Should the recorders be found, they will be pried from the wreck, lifted aboard the Ile de Sein and immediately placed under seal, before being transported by a French Navy vessel to a French port. From there, they will be sent by air to the BEA under the responsibility of a judicial police officer.
Recovering the victims is a more complex and contentious task. Only 51 bodies, including the pilot, were recovered from the ocean surface in the weeks after the crash.
Nelson Marinho, who leads a group of victims’ relatives, said not all families want to see corpses brought up, though they recognize the obligation to present forensic evidence for a criminal probe. A French prosecutor is pursuing allegations of manslaughter against both Airbus and Air France, and autopsies may help answer questions such as whether passengers were still alive when the plane sank. BEA said all decisions concerning human remains will be made by France’s Justice Department.
“The worst feeling, for us, is the risk of even more damage to these corpses,” Marinho said. “French officials want to transport them to France, but we want to bring them directly to Brazil.” Among the victims were 58 passengers from Brazil, 61 from France, 26 from Germany, and other nationalities including travelers from China and South Korea.
Past aircraft salvage missions have managed to recover the bodies of victims. The U.S. National Transportation Safety Board brought up all the bodies from TWA flight 800, which crashed off Long Island in 1996, and EgyptAir 990, which went down 60 miles from Nantucket in 1999, former director Jim Hall said.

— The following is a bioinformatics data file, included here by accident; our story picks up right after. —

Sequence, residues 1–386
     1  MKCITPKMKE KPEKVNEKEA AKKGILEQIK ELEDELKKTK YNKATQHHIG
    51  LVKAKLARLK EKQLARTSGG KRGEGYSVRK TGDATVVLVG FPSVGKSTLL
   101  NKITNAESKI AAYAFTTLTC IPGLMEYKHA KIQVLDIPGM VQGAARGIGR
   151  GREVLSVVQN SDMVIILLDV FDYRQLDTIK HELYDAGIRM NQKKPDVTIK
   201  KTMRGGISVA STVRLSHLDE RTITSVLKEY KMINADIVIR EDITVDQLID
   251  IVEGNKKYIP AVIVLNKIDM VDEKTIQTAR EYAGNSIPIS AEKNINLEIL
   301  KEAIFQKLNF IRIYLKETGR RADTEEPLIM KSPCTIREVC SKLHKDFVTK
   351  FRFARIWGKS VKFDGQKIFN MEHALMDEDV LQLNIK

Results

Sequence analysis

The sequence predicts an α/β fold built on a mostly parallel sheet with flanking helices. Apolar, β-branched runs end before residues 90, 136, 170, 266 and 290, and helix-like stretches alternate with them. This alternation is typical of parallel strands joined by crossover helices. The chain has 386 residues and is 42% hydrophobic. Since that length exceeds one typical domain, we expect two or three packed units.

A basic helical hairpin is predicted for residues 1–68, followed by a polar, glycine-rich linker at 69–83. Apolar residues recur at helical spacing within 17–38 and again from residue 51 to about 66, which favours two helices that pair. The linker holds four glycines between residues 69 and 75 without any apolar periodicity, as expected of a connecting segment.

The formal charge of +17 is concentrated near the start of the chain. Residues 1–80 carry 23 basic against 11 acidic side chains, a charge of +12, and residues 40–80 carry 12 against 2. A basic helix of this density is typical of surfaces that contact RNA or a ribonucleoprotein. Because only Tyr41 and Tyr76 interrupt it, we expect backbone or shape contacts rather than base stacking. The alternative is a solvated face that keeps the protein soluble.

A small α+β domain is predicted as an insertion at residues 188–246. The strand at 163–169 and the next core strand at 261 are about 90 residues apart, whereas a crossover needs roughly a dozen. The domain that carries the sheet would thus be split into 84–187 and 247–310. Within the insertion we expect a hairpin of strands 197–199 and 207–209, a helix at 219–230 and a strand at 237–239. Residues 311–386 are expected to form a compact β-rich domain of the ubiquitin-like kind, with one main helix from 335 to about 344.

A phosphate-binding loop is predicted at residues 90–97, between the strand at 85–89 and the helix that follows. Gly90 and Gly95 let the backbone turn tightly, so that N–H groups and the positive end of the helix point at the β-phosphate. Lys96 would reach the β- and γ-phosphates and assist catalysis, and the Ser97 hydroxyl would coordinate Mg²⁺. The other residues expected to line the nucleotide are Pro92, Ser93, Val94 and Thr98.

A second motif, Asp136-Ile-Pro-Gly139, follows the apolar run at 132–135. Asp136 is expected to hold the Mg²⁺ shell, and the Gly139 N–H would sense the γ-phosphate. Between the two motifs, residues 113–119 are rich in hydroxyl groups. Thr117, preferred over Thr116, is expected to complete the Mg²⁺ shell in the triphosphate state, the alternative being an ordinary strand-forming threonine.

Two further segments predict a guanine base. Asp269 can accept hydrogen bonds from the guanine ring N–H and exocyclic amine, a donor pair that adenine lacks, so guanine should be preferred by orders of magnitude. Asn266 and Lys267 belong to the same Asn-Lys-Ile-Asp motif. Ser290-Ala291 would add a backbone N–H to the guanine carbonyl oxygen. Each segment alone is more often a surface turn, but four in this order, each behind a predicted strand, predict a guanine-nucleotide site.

“I think as human beings, it’s the humane practice, and it would be a disservice to family members by the airline and regulators not to recover them,” he said.
The greatest technical challenge will remain operating at an extreme depth. Only one past air crash has forced salvage teams to dive deeper. The wreckage and black boxes of a South African Airways Boeing 747 that disappeared near Mauritius in 1987 were located 14 months later under 14,000 feet of water.
“It’s only relatively recent that we even have the technology to consider these kind of recoveries,” said Paul Hayes, director of safety at London-based aviation consultant Ascend Worldwide Ltd. “And it sounds simplistic, but I think we tend to forget how vast the oceans are.”